Scientists are making a vaccine that could give lifelong protection against all types of flu in a single jab.
The vaccine is aimed to protect against all flu strains
Currently, at risk people in the UK - the elderly and ill - need annual flu jabs, and there is no jab available yet guaranteed to beat bird flu.
Biotechnology firm Acambis, in Cambridge, the UK, says it hopes its jab will target numerous mutations that presently allow flu to evade attack.
However, the work is very early and is years off being tested in humans.
Each year winter flu kills around 4,000 people in the UK.
Globally, between 500,000 and one million people die each year from influenza.
If the bird flu virus currently circulating in Asia were to mutate and spread from person to person it could kill as many people as the 1918 Spanish flu, which claimed between 20 and 40 million lives, experts have warned.
Current flu vaccines work by giving immunity to two proteins called haemagglutinin and neuraminidase, which are found on the surface of flu viruses.
However, these proteins keep mutating which means doctors have to keep making new vaccines to keep up.
Scientists at Acambis' laboratory in the US, together with Belgian researchers at Flanders Interuniversity Institute for Biotechnology, are focusing their efforts on a different protein, called M2, which does not appear to mutate so readily, as well as other technology that they cannot disclose yet for commercial reasons.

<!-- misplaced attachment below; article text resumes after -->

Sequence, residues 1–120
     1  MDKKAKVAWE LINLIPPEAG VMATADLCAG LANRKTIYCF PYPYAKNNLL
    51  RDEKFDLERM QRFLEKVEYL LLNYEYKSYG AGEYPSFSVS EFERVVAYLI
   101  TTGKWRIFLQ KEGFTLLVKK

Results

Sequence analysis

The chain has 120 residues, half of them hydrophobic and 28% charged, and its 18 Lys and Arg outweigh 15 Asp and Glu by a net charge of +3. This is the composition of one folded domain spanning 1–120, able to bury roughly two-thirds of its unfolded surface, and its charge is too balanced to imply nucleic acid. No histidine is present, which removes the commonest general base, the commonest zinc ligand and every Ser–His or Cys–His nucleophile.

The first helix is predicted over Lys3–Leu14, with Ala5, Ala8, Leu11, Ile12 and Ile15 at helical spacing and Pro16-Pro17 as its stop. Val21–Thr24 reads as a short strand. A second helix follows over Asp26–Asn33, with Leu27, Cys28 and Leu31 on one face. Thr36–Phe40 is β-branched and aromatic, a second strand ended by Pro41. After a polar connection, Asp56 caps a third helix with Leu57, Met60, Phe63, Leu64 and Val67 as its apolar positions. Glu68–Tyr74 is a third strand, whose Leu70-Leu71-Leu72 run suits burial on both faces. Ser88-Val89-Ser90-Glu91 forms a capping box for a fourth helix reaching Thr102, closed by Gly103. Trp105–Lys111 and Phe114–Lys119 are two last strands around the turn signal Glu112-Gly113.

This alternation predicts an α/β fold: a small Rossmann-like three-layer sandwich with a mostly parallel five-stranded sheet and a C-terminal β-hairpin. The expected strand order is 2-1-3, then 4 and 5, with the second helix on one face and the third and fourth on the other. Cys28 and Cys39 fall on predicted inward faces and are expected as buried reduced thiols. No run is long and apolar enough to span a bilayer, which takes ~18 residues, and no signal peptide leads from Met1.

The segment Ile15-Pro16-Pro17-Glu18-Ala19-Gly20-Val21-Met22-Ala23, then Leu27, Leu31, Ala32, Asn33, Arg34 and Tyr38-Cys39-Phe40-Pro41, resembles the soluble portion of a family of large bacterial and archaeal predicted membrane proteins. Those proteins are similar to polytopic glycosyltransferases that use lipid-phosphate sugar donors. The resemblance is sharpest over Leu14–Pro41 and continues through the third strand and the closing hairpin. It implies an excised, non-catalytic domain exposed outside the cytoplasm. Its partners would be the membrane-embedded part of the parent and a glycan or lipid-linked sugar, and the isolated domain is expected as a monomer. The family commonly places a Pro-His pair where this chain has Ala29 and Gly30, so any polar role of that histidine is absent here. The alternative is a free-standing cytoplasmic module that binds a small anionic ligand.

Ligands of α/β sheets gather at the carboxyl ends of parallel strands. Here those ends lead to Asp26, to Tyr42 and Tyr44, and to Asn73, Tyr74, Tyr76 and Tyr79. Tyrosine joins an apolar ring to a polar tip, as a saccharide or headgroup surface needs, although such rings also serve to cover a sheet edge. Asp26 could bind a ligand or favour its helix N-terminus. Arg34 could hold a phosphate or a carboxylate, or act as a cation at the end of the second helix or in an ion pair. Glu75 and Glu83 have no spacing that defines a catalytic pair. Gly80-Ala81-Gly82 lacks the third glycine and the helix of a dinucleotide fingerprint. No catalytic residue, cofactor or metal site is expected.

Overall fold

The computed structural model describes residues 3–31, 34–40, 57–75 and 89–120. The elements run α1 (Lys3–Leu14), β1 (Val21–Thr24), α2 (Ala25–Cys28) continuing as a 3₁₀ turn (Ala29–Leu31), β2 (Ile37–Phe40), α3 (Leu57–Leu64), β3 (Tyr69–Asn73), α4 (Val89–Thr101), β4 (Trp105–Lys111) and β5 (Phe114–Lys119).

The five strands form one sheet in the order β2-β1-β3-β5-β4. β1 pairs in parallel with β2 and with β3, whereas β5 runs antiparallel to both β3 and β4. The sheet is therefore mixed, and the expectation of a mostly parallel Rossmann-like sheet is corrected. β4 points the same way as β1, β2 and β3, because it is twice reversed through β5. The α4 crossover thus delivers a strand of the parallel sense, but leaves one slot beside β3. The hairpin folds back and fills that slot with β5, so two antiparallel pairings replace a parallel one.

If successful, a single shot of the vaccine could protect a person against all strains of influenza virus, they believe.
Dr Thomas Monath, chief scientific officer at Acambis, said: "We aim to avoid the need for annual re-engineering and manufacture of the new product, something that is not yet possible with existing vaccines.
"The need to develop a new vaccine each time a different influenza strain emerges often results in long delays before a population can be protected.
"The technology also has special importance as a potential means of protecting human populations against pandemic influenza strains."
So far the vaccine has only been tested in animals. The scientists said it would take several years before large-scale human trials could be done.
Professor Maria Zambon, a flu expert at the Health Protection Agency, said: " We welcome advances in the process of developing novel flu vaccines and vaccination techniques.
"However this vaccine is still very early in a vaccine development pipeline and it will take some time to establish how this vaccine performs in human trials and whether it can proceed to being licensed for use in the UK."
Professor Karl Nicholson, professor of infectious diseases at Leicester University, said: "It would be enormously helpful to mankind to have just the one vaccine but sadly I think it is a long way off."
He said it might be 10 years before any such product could be ready for widespread use in humans.